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Can Competitiveness predict Education and Labor Market Outcomes? Evidence from Incentivized Choice and Survey Measures

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  • Thomas Buser
  • Muriel Niederle
  • Hessel Oosterbeek

Abstract

We assess the predictive power of two measures of competitiveness for education and labor market outcomes using a large, representative survey panel. The first is incentivized and is an online adaptation of the laboratory-based Niederle-Vesterlund measure. The second is an unincentivized survey question eliciting general competitiveness on an 11-point scale. Both measures are strong and consistent predictors of income, occupation, completed level of education and field of study. The predictive power of the new unincentivized measure for these outcomes is robust to controlling for other traits, including risk attitudes, confidence and the Big Five personality traits. For most outcomes, the predictive power of competitiveness exceeds that of the other traits. Gender differences in competitiveness can explain 5-10 percent of the observed gender differences in education and labor market outcomes.

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  • Thomas Buser & Muriel Niederle & Hessel Oosterbeek, 2021. "Can Competitiveness predict Education and Labor Market Outcomes? Evidence from Incentivized Choice and Survey Measures," NBER Working Papers 28916, National Bureau of Economic Research, Inc.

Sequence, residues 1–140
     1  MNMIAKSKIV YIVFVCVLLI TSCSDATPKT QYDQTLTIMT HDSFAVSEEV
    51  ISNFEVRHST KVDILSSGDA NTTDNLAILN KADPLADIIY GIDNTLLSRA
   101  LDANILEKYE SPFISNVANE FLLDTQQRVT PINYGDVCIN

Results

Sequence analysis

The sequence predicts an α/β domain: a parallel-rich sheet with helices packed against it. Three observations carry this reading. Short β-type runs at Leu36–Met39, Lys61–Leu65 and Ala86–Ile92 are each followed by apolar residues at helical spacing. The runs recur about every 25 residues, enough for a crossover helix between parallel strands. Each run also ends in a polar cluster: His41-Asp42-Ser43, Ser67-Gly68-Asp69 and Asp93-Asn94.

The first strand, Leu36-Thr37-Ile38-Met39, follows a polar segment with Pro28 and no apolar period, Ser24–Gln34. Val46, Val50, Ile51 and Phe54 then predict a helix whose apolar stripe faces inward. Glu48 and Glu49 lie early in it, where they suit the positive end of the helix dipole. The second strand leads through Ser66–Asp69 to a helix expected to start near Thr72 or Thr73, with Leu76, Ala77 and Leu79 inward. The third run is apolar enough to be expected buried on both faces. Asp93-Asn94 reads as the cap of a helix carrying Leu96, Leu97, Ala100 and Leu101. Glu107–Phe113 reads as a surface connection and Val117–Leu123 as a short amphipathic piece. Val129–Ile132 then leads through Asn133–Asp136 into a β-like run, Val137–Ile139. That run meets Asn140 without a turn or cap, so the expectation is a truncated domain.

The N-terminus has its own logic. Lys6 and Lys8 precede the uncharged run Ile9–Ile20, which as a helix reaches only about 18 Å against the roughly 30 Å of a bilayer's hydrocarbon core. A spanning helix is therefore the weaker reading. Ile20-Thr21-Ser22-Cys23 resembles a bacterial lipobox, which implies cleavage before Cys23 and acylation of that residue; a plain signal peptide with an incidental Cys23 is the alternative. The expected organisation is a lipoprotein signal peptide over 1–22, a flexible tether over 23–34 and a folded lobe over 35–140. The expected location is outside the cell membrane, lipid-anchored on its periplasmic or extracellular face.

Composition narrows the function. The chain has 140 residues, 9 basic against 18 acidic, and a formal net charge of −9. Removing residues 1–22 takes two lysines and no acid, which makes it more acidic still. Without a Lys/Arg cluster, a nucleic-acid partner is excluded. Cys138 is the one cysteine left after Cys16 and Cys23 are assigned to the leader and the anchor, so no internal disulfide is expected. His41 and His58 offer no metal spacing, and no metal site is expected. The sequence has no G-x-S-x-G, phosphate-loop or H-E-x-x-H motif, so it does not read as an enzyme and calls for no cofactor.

• Handle: RePEc:nbr:nberwo:28916
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    Cited by:

    1. Adams-Prassl, A. & Boneva, T. & Golin, M & Rauh, C., 2022. "Perceived Returns to Job Search," Cambridge Working Papers in Economics 2231, Faculty of Economics, University of Cambridge.
    2. Buser, Thomas & Ranehill, Eva & van Veldhuizen, Roel, 2021. "Gender differences in willingness to compete: The role of public observability," Journal of Economic Psychology, Elsevier, vol. 83(C).
    3. Kessel, Dany & Mollerstrom, Johanna & van Veldhuizen, Roel, 2021. "Can simple advice eliminate the gender gap in willingness to compete?," European Economic Review, Elsevier, vol. 138(C).
    4. Helena Fornwagner & Monika Pompeo & Nina Serdarevic, 2020. "Him or her? Choosing competition on behalf of someone else," Discussion Papers 2020-13, The Centre for Decision Research and Experimental Economics, School of Economics, University of Nottingham.
    5. Christopher Roby, 2022. "Social Information and Gender Differences in Competitive Preferences," The American Economist, Sage Publications, vol. 67(1), pages 24-45, March.
    6. Brandts, Jordi & El Baroudi, Sabrine & Huber, Stefanie J. & Rott, Christina, 2021. "Gender differences in private and public goal setting," Journal of Economic Behavior & Organization, Elsevier, vol. 192(C), pages 222-247.
    7. Fallucchi, Francesco & Nosenzo, Daniele & Reuben, Ernesto, 2020. "Measuring preferences for competition with experimentally-validated survey questions," Journal of Economic Behavior & Organization, Elsevier, vol. 178(C), pages 402-423.